Richard Corben and Mike Mignola collaborate on a couple of classic horror stories. Not the strongest of their work together on this title, but I’m not sure that there is an ongoing series that does one-shots like this better than Mignola and his partners. I think any fan of horror and gothic literature could read this issue and enjoy it, not just Hellboy regulars.

I, Zombie #8 (DC/Vertigo)

Chris Roberson and Michael Allred continue to broaden this title into an ensemble piece, but without losing Gwen as its core. Fun sequence with the revived vampire in a UO hoodie. Nice to see when Eugene emerges in the story, rather than just being in the background.

Lady Mechanika #1 (Aspen)

So Joe Benitez’s series gets underway proper, and the writing is not as strong here as in the #0 preview. The Victoriana is more forced, but Mechanika herself remains well drawn and conceived, with a clear voice of her own. As well as she is handled, I wish that Benitez could have resisted introducing the female Commander now chasing Mechanika with such an overtly sexualized pose.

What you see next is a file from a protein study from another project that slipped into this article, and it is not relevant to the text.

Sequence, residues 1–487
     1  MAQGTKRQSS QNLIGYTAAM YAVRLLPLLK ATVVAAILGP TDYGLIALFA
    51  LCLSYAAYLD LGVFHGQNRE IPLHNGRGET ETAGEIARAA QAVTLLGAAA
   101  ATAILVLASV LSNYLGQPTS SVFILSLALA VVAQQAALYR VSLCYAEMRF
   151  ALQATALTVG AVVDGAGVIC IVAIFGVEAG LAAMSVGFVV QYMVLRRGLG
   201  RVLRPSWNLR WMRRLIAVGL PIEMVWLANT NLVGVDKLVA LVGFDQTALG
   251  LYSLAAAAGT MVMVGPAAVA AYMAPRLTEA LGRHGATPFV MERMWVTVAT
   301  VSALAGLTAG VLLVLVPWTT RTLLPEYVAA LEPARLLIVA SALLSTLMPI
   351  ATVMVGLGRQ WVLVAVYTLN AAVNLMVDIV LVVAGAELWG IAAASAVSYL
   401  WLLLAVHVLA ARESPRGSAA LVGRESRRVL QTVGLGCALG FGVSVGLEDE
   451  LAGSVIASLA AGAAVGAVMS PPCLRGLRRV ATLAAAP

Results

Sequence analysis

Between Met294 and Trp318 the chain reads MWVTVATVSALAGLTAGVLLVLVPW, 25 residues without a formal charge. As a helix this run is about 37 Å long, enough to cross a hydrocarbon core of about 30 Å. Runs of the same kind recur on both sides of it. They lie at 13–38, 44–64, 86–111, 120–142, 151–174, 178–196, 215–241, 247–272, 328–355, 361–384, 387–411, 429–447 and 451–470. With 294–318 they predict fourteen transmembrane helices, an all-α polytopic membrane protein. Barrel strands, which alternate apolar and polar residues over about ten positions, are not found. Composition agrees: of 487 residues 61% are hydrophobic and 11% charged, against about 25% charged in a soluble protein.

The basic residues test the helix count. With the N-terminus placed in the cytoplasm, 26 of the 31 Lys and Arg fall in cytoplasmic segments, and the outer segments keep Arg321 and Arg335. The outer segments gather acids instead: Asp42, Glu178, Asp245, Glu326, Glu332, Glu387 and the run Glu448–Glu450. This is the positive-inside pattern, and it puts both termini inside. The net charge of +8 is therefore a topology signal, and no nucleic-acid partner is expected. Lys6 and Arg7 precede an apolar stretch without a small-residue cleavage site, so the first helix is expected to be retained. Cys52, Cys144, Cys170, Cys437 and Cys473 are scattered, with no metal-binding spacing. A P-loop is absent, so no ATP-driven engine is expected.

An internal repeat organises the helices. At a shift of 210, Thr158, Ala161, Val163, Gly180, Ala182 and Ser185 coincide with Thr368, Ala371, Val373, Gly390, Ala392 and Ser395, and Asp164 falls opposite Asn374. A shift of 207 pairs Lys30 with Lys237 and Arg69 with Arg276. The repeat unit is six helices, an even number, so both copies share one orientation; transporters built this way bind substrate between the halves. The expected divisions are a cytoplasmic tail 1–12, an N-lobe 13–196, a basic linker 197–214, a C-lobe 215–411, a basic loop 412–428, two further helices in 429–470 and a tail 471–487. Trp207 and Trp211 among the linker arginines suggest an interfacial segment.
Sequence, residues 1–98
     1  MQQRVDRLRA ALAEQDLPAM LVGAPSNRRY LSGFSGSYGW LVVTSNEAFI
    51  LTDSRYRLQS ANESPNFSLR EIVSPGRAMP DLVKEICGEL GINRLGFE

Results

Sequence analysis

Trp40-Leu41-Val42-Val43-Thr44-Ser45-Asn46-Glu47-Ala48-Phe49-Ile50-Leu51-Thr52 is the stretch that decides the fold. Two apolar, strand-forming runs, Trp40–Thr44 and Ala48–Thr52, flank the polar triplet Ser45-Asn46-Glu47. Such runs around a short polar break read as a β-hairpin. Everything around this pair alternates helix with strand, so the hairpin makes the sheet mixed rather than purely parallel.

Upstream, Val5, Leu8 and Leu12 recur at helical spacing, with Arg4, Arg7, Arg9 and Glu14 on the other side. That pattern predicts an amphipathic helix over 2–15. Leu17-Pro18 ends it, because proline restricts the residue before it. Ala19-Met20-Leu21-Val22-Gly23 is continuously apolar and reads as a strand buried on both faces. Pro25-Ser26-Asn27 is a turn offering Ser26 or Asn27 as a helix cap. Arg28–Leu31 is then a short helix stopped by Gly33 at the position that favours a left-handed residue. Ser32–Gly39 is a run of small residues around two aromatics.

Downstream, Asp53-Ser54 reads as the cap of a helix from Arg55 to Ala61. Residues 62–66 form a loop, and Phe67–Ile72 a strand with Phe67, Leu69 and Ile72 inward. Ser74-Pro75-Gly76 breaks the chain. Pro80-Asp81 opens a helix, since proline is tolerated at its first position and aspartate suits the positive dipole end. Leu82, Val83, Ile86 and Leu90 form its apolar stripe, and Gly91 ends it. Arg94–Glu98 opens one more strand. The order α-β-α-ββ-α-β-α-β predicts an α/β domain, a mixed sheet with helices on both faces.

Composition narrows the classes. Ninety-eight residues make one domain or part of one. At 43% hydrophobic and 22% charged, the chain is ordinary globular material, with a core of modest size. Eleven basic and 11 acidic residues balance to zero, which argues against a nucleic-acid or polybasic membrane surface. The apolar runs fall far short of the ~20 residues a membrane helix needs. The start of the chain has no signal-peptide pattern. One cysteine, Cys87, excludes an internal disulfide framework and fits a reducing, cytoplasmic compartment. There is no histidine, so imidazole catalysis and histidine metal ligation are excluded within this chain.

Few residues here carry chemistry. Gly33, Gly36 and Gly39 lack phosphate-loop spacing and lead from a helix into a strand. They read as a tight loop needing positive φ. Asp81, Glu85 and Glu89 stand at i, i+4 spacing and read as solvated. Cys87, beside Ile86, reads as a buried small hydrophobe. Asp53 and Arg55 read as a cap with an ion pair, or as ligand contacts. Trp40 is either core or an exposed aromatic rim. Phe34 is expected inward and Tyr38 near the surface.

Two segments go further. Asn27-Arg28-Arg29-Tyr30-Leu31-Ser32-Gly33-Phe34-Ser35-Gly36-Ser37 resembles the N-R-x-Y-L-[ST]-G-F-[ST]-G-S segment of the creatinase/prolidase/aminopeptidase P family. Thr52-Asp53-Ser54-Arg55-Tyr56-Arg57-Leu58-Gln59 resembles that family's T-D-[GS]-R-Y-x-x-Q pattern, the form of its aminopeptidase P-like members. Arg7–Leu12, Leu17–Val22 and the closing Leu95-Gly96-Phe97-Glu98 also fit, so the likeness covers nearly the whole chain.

Murderland #3 (Image)

David Hahn draws a bunch of cool looking people doing … I’m not really sure, but they are really intent on it. I cannot follow the story here, and am even more confused by looking at the inside cover and seeing that somehow there are two stories going in this issue. Not sure what Stephen Scott has in mind here except riffing on cultural references to Baltimore.

Mystery Society #5 (IDW)

So the first (only?) story comes to a close. This title settled down into a genial mode, fun, but not over the top. The cast is a little large to be contained by a short run like this. I would like to see more for Fiona Staples’s art if nothing else.

Spike: What happens in Vegas, Slays in Vegas #3 (IDW)